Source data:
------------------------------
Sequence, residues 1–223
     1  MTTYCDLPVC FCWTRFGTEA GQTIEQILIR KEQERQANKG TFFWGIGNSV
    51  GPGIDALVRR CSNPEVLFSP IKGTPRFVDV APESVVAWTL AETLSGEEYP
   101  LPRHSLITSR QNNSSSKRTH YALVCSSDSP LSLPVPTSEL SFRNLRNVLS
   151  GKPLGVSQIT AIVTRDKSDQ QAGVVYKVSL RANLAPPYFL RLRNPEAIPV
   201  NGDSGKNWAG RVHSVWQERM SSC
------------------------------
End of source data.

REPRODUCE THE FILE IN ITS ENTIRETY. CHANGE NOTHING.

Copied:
Sequence, residues 1–223
     1  MTTYCDLPVC FCWTRFGTEA GQTIEQILIR KEQERQANKG TFFWGIGNSV
    51  GPGIDALVRR CSNPEVLFSP IKGTPRFVDV APESVVAWTL AETLSGEEYP
   101  LPRHSLITSR QNNSSSKRTH YALVCSSDSP LSLPVPTSEL SFRNLRNVLS
   151  GKPLGVSQIT AIVTRDKSDQ QAGVVYKVSL RANLAPPYFL RLRNPEAIPV
   201  NGDSGKNWAG RVHSVWQERM SSC